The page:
Human learning contributes even more to the variability of our children. Our parental investment and commitment allow each generation a chance to think up new ideas about how the world works and how to make it work better. Childhood provides a period of variability and possibility, exploration and innovation, learning and imagination.
Many animals have minds that are exquisitely adapted to just one particular environment. Our minds can change in unpredictable ways to match unpredictable environments. But this strategy has a drawback: You can’t simultaneously learn about a new environment and act on it effectively. You don’t want to be stuck figuring out how to deal with a mammoth while it’s charging at you.
The evolutionary solution to that trade-off is to give each new human being protectors—people who make sure that children have a chance to thrive, learn and imagine before they have to fend for themselves. Those protectors also pass on the knowledge that previous generations have accumulated.
If “parenting” is the wrong model, then, what’s the right one? Let’s recall that “parent” is not actually a verb, nor is it a form of work. What we need to talk about instead is “being a parent”—that is, caring for a child. To be a parent is to be part of a profound and unique human relationship, to engage in a particular kind of love, not to make a certain sort of thing.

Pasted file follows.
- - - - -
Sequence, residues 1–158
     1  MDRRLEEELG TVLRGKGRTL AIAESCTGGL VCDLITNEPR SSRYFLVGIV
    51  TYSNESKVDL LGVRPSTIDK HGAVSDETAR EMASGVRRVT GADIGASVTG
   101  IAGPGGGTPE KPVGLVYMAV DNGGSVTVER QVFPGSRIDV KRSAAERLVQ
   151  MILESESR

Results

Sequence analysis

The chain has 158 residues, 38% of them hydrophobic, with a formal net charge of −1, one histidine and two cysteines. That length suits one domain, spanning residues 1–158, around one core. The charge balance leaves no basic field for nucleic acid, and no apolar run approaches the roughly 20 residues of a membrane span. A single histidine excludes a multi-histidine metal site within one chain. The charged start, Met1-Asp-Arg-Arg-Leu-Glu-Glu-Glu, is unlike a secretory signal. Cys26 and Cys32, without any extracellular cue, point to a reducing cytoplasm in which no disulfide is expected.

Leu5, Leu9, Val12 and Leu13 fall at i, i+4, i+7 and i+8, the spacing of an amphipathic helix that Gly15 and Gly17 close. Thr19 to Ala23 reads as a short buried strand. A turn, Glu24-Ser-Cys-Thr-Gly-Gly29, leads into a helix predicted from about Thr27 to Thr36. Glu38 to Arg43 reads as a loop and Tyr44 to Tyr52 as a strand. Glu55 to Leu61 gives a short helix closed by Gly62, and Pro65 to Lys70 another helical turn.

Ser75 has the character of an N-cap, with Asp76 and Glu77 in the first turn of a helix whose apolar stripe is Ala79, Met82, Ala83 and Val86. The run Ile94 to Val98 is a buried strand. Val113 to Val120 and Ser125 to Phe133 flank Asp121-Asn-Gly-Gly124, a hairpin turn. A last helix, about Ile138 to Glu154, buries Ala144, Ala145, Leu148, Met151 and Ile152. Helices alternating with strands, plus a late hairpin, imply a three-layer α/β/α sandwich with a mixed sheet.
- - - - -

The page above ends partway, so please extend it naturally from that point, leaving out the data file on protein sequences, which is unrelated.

After all, to be a wife is not to engage in “wifing,” to be a friend is not to “friend,” even on Facebook, and we don’t “child” our mothers and fathers. Yet these relationships are central to who we are. Any human being living a fully satisfied life is immersed in such social connections.
Talking about love, especially the love of parents for their children, may sound sentimental and mushy and simple and obvious. But like all human relationships, our love for our children is at once a part of the everyday texture of our lives and enormously complicated, variable and even paradoxical.
We can work to love better without thinking of love as a kind of work. We might say that we try hard to be a good wife or husband, or that it’s important to us to be a good friend or a better child.
But I wouldn’t evaluate the success of my marriage by measuring whether my husband’s character had improved in the years since we wed. I wouldn’t evaluate the quality of an old friendship by whether my friend was happier or more successful than when we first met. This, however, is the implicit standard of “parenting”—that your qualities as a parent can be, and even should be, judged by the child you create.
The most important rewards of being a parent aren’t your children’s grades and trophies—or even their graduations and weddings. They come from the moment-by-moment physical and psychological joy of being with this particular child, and in that child’s moment-by-moment joy in being with you.
Instead of valuing “parenting,” we should value “being a parent.” Instead of thinking about caring for children as a kind of work, aimed at producing smart or happy or successful adults, we should think of it as a kind of love. Love doesn’t have goals or benchmarks or blueprints, but it does have a purpose. Love’s purpose is not to shape our beloved’s destiny but to help them shape their own.